Sunday, August 2, 2020

Mother of Souls

Heather Rose Jones
Completed 8/2/2020, Reviewed 8/2/2020
4 stars

It took me nearly a week to read this book, not because it was long, though it was longer than the first two.  It’s because it was so comfortable being in this world that Heather Rose Jones created.  This book introduced two new characters, in addition to the four main characters in the previous books, Daughter of Mystery and Mystic Marriage.  The book was much more complex with more plotlines, but I really enjoyed almost all of them.  The one plotline I didn’t really care for was the one that had to do with some of the politics of the world.  The others though were just wonderful.  This book won the Gaylactic Spectrum Award in 2017. 

In this book, Margerit tries to open an academy for women that teaches the type of magic she does, as well as other academic areas, because the local university barely tolerates women and doesn’t offer them degrees.  Antuniet wants to have a child to carry on the family name and inherit her title if she earns it back, but she wants to do it through alchemy, creating a homunculus.  Luzie, a new character, composes music that generates the same type of magical energy that Margerit works in.  Her dream is to create an opera.  Finally, Serafina, a Rome native whose parents came from Ethiopia, comes to Alpennia because she can see the magic more vividly than anyone she knows, but cannot generate the magic herself. 

There are a lot of plots, but they go together well.  Jones weaves the storylines in and out of each other nearly seamlessly.  I felt she did it much more fluidly than she did in the previous book.  The main plotline is the one with Luzie and Serafina, and that was the one I was most interested in.  When Luzie and Serafina meet, they find they can work together.  Serafina can see the energy coming from Luzie’s music, helping Luzie in her composing to create amazing music.  Together, they compose enough music to make an opera.  This collaboration also comes into play when it is found that sorcery is being used to block the pass though which people enter the country.  It’s blocked with snow from a continuous winter, which doesn’t permit the snow to melt, causing a drought in the country.  There’s a lot going on, but it all comes together as a pretty magnificent whole.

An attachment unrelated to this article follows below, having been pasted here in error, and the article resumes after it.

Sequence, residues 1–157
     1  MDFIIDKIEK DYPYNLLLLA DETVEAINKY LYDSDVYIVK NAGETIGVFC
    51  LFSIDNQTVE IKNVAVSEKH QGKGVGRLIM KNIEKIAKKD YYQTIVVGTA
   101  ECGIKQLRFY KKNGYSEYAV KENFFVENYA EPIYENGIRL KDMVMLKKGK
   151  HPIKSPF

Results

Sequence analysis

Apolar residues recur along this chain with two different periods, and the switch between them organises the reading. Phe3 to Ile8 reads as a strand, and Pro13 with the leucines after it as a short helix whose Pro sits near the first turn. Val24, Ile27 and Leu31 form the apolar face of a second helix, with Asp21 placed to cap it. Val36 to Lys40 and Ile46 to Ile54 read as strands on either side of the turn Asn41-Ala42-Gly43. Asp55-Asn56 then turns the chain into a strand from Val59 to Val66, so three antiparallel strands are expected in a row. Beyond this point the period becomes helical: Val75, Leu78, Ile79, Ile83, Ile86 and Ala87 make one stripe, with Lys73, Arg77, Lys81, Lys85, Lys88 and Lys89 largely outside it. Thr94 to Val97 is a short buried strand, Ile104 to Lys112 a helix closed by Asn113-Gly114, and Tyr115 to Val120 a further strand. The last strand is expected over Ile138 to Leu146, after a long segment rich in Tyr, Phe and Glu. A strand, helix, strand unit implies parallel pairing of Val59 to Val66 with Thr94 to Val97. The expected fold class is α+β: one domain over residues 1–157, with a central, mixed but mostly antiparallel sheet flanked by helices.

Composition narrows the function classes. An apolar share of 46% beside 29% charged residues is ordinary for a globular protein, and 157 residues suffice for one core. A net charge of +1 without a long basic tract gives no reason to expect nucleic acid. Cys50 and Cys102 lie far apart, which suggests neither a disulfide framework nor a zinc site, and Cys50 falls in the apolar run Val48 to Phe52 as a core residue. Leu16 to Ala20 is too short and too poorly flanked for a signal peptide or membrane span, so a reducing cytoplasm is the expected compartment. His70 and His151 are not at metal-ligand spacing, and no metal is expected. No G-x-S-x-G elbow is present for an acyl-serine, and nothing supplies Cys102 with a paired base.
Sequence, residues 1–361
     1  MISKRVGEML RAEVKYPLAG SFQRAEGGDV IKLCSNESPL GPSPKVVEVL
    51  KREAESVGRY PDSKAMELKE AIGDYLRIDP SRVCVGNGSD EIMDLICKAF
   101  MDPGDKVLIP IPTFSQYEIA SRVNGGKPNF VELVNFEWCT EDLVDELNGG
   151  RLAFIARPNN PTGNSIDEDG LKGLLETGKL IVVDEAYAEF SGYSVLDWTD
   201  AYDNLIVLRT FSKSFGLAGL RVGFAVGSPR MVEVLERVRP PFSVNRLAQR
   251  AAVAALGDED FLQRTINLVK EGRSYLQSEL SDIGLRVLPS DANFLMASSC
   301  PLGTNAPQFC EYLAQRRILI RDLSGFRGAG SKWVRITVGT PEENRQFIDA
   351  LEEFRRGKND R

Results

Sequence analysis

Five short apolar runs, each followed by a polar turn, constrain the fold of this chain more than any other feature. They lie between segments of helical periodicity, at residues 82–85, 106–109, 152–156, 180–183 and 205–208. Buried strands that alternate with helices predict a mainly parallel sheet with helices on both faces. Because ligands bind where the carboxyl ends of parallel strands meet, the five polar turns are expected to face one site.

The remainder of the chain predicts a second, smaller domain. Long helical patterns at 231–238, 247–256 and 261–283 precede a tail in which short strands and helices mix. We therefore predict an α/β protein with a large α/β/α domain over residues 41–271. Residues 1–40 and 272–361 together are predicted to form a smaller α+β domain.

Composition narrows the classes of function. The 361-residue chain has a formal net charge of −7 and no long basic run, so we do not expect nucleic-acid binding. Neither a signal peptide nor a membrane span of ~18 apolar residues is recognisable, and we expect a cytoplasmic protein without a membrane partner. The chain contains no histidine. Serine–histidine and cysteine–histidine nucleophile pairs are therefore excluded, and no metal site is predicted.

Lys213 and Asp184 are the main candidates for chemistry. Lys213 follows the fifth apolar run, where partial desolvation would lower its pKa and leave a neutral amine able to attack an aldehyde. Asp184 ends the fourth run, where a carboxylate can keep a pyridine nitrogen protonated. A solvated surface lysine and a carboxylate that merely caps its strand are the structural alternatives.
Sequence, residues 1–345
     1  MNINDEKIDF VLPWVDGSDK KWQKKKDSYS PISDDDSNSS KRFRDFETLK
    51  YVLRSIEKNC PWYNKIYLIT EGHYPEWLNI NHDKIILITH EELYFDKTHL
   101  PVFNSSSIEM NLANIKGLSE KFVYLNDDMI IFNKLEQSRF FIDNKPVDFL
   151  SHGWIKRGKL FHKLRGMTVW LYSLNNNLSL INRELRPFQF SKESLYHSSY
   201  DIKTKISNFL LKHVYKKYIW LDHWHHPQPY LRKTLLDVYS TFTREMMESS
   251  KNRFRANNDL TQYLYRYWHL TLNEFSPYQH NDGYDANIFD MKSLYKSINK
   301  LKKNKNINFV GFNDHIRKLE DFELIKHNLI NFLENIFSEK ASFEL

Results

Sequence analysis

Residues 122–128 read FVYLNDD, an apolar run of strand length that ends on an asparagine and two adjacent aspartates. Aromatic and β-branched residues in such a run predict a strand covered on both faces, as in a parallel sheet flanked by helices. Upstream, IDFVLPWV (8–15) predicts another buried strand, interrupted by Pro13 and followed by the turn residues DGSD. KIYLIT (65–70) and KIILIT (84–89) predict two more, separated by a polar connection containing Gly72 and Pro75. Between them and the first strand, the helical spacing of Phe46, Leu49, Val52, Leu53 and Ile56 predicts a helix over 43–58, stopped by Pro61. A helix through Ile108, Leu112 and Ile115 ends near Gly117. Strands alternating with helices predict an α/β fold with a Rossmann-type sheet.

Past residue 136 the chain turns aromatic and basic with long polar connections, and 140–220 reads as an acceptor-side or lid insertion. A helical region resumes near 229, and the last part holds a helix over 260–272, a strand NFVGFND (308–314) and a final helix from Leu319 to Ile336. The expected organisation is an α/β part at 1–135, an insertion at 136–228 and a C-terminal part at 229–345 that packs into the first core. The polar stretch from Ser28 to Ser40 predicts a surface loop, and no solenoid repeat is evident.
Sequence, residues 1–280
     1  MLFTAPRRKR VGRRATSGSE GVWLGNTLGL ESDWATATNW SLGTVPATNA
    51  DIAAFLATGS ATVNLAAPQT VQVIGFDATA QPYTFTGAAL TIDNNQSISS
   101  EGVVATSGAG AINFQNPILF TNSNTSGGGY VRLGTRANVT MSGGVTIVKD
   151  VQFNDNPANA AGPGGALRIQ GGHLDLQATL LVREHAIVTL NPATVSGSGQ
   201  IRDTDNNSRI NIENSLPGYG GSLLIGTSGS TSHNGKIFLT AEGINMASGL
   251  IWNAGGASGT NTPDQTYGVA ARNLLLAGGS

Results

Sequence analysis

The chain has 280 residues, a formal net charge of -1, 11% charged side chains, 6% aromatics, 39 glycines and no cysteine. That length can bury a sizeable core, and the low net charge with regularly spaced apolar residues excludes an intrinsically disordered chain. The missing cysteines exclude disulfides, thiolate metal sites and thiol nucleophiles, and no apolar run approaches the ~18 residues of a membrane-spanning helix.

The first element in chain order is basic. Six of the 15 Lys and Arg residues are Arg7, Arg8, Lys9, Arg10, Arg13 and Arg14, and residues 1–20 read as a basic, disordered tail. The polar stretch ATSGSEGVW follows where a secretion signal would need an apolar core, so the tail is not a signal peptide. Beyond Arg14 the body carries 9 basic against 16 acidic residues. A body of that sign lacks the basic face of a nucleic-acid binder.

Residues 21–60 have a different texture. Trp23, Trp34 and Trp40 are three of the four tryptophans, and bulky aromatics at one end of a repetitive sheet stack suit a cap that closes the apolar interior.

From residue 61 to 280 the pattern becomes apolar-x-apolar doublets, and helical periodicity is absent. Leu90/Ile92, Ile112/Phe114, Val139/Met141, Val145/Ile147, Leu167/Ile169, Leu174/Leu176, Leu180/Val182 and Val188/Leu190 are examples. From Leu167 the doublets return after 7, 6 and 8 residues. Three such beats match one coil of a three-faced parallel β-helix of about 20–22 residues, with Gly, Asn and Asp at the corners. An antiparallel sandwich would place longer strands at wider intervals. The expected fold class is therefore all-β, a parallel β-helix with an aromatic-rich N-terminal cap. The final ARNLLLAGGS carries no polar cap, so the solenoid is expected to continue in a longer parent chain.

Serafina and Luzie really shine as the new characters.  Jones noted that her inspiration for Serafina was when he posed the question, “Where were the black people in Europe at this time?”  It prompted a lot of research on her part and this is the character she created in response to that.  Serafina is married to Paolo who tried to teach her how to do the magic that she so vividly sees.  Their marriage was based on this more than love, though Paolo expected her to be a good wife.  Because of his job, he is in Paris for three years.  That’s what prompts Serafina to go to Alpennia in the first place, seeking better council on her visual gift and lack of creative gift.  Luzie is a widow with two children who are away at school.  She’s kind of Serafina’s opposite.  She can create magical music but cannot see the magic she’s created.  When the two come together, it’s wondrous.  It also eventually leads to a romance that has many difficulties.  Like all the romance in this series, I thought it was done well.  It takes into consideration both the women’s existing relationship status and the sexual mores of the day.  As a reminder, this book takes place in the early 1800s.

I also appreciated the plotline of the development of the Margerit’s academy.  It’s not an easy chore, and not all of her choices are the best.  But you cheer for her because women and education do not go so easily hand in hand in this day and age. 

Though this book has standalone stories, it is dependent on the previous books for the other plots and the development of the existing characters.  There are no real cliffhangers, which I appreciate, though some of the plots clearly continue in the fourth book.

I give this book four stars out of five.  It’s much better than the second book, but I still like the first book the best.  Reading this book, especially so close to the previous ones, felt like cozying in a comfortable chair in a room filled with your favorite lesbian friends.  I’ve read a lot of really good lesbian science fiction and fantasy literature over the past four years, as well as some not so good.  This series ranks up there as one of my favorites.

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